I'm new to datascience (from a medical/medical science background).

My supervisor (social sciences background) asked me to assist in rewriting a paper where we do a cluster analysis for a questionnaire (unvalidated) with 63 questions relating to attitudes and behaviours and then to give insights about this data using an ANOVA on outcome variables (also related to attitudes and behaviors, basically an average of the responses to questions that seem related to a specific theme) based on questions from within this dataset. A previous paper used the questionnaire and stopped at defining the clusters ("we found these clusters, this is how each of the clusters answered each of the questions"). My supervisor wanted to gain additional insights to find determinants of the outcome variables of interest.

I ended up doing a PCA on the 63 questions and using those for a cluster analysis. I spend quite a bit of time in the results section defining the clusters based on their similarities/differences, but then in the next results section rather than doing an anova (or in my case multivariate kruskal wallis tests), on the exact same data i used to make up the clusters (which seems super not valid), I decided to do a hierarchical multiple regression on various demographic factors that were not included in the cluster analysis, and then in the final mode I added the clusters. Obviously, the clusters are most predictive of the outcome variables (because they use the same data).

I'm now trying to write my discussion and i need to say that what i've done is not valid, but then suggest a more useful way to perform this, and the usefulness of cluster analysis for describing behaviour/attitudes of a population in general. Is it reasonable to suggest that clustering be done on either demographic variables or on the outcome variables, and then compare clusters to the variables not included in the analysis? Is that valid?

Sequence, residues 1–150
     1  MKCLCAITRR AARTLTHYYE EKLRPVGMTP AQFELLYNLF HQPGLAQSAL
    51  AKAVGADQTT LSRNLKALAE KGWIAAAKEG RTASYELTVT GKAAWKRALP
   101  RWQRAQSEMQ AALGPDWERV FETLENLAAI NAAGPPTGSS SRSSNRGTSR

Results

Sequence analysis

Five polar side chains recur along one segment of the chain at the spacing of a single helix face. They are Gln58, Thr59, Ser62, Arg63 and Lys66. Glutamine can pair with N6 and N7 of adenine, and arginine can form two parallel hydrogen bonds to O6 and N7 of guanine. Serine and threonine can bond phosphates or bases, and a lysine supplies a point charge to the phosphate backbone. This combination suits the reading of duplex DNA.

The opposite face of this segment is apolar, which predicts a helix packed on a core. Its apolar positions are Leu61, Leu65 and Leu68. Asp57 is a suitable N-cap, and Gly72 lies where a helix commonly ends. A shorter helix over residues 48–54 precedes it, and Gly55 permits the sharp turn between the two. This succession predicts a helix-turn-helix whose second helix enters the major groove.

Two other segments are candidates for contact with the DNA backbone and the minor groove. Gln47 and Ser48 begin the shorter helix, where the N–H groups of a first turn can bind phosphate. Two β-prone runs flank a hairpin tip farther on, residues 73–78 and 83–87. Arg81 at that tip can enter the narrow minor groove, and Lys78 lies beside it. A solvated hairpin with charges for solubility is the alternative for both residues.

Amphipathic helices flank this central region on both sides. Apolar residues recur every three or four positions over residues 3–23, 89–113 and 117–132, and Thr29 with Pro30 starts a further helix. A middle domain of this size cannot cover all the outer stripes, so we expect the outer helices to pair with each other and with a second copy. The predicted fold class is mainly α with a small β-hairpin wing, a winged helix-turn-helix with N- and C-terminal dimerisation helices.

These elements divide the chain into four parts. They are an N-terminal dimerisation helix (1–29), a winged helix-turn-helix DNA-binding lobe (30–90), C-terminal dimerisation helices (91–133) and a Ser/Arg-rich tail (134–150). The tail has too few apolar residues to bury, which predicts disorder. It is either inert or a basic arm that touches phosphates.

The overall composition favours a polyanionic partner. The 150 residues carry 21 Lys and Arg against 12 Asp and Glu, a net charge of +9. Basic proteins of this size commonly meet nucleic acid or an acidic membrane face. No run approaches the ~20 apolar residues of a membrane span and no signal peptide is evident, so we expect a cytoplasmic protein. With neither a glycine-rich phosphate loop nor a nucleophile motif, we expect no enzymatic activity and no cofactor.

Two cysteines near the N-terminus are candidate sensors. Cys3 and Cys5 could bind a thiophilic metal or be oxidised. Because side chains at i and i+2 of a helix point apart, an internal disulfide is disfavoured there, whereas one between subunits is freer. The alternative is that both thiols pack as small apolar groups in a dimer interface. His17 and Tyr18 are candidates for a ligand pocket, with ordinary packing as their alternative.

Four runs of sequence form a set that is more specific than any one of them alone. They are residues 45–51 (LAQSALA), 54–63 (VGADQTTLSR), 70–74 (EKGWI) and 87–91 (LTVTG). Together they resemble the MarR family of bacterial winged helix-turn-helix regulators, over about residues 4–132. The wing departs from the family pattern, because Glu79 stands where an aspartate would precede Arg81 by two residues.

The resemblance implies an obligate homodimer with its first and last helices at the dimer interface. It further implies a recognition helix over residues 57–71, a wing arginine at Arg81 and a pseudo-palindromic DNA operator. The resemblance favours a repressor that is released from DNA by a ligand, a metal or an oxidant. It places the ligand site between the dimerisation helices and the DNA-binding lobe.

What analyses can be validly performed after clusters have been defined, and how would those analyses be useful?

I've spent months trying to teach myself responsible statistics, and any help would be hugely appreciated.

  • $\begingroup$ what is your actual resseach question? or what are you trying to find? $\endgroup$
    – rep_ho
    Commented May 12, 2021 at 12:34
  • $\begingroup$ @rep_ho thanks for your response - we're looking for determinants of the outcome variables (a specific behaviour/attitude), and in particular my supervisor wanted to look how participant clusters (based on a number of attitudes/behaviours) interact with the outcome variables, along with a number of demographic factors (age, gender, etc) (sorry i can't be more specific about my actual variables/research question) $\endgroup$
    – scvbelle
    Commented May 13, 2021 at 5:04
  • $\begingroup$ do you need clusters for that? isn't it enough to look at the relationship between variables and the outcome? $\endgroup$
    – rep_ho
    Commented May 13, 2021 at 8:37

1 Answer 1


I don't think that validity is an issue here. The clusters were defined on variables/questions that were attitudinal, behavioural etc. of nature. The demographic variables are complete separate (from a conceptual view). Although there may be (would likely be) some correlations between demographic and the questions, CONCEPTUALLY they are completely different. So you HAD to do the cluster analysis EXCLUDING the demographic variables since else you'd cluster demographic variables into attitudinal/behavioural/etc which are DEPENDENT variables but have to be kept completely SEPARATELY from a conceptual point of view. Hope my argument is clear (if not, let me know). My two cents. I haven't got references.

  • $\begingroup$ thanks! Unfortunately I do run the clusters (based on attitudinal/behavioural factors from the PCA) against the dependent variables (made up of summed scores for responses to questions relating to attitudes and behaviours)... I added the demographics as independent variables as separate elements in the hierarchical regression to try and get some valid data out of it. I now want to write a paragraph on where/how cluster analysis should reasonably be performed and what value it can give to inform policy makers trying to shift behaviours/attitudes, but also where it is not useful. $\endgroup$
    – scvbelle
    Commented May 12, 2021 at 12:04
  • $\begingroup$ i don't think it's valid, you are basically just checking if the variables used for clustering are related to those other variables, and if you want to check that, there are better ways to do it than clustering $\endgroup$
    – rep_ho
    Commented May 12, 2021 at 12:35

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